Ethiopian Ensemble: Profile of an African Immigrant Music & Dance
by Betty J. Belanus, from research by Tesfaye
Lemma & Dagnachew Abebe
More than 40,000 Washington-area residents claim the Ethiopian region
as their birthplace. They are members of several culturally, religiously,
linguistically, and ethnically diverse communities. The largest is Amharic,
but the area also includes Tigrean, Oromo, Eritrean, and Gurage. Tesfaye
Lemma, a longtime advisor and community scholar of the African Immigrant
Folklife Project, is the founder of the Center for Ethiopian Arts and
Culture and of the Nile Ethiopian Ensemble. The center, like many other
African immigrant organizations, promotes traditional culture for the
benefit of their youth and the understanding of the general American community.
And, like many African immigrant music and dance groups, the ensemble
presents traditions from many peoples - in this case, those from the Horn
of Africa - in their performances.
The ensemble often performs with Seleshe Damessae, a master of the kerar
(six-stringed lyre), who learned to play from his father. Damessae
spent four years studying the traditions of the Azmaris, itinerant performers
in northern Ethiopia, from whom he is descended. He now teaches young
apprentices to make and play their own kerars here in Washington, D.C.
Most members of the ensemble started performing as youngsters in Ethiopia.
"I enjoyed dancing with my friends during holidays like Easter, New
Year, Christmas, and also weddings. Many people from the neighborhood
admired my talent, and I continued my singing and dancing career in school,"
said dancer Abebe Belew, who was born in Gondar Province.
Like singer Selamawit Nega, most future members of the ensemble in the
late 1970s were recruited or forced to join music and dance groups sponsored
by the former Ethiopian government "to educate for propaganda purposes."
Dancer Almaze Getahun recalls that when his family objected to this, "My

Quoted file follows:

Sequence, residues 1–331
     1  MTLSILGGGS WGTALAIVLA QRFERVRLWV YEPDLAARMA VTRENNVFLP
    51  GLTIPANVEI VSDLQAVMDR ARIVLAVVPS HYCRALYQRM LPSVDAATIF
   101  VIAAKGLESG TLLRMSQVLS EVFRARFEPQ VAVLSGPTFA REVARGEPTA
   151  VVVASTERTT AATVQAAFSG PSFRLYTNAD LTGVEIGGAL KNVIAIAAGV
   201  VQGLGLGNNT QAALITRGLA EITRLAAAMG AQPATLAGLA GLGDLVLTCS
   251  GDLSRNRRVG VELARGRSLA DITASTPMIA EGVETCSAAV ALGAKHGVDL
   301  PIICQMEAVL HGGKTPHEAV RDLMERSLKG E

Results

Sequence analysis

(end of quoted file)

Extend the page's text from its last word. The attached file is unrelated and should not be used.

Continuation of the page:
father was labeled a revolutionary, and they sent him to jail." During
this time, members of the ensemble learned songs and dances from many
Ethiopian ethnic groups.
Most of the ensemble members eventually moved to Addis Ababa, the capital
of Ethiopia, and joined musical groups that toured the Middle East, Europe,
and the United States. Tesfaye Lemma defected to the United States while
on a tour in 1987. As musicians and dancers arrived in the Washington
area, Lemma formed the ensemble. And, in accordance with the Amharic proverb,
"Kes be kes inkulal be igru yehedal" (Slowly, slowly, even an
egg will walk), the group has developed a loyal audience for their performances
in the Washington, D.C., area and beyond.
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to Contemporary African Music. Edison, New Jersey: Chartwell Books.
Broughton, Simon, Mark Ellingham, David Muddyman, and Richard Trillo,
eds. 1994.The Rough Guide to World Music. London: Rough Guides.
Frosch-Schroder, Joan. 1991. Things of Significance Do Not Vanish: Dance
and the Transmission of Culture in the Ghanaian Community. UCLA Journal
of Dance Ethnology 15: 54-67.
Lemma, Tesfaye. 1991. Ethiopian Musical Instruments. Washington,
D.C.: published by the author.
_______. Newsletter of the Center for Ethiopian Arts and Culture.
P.O. Box 73236, Washington, DC 20056-0236.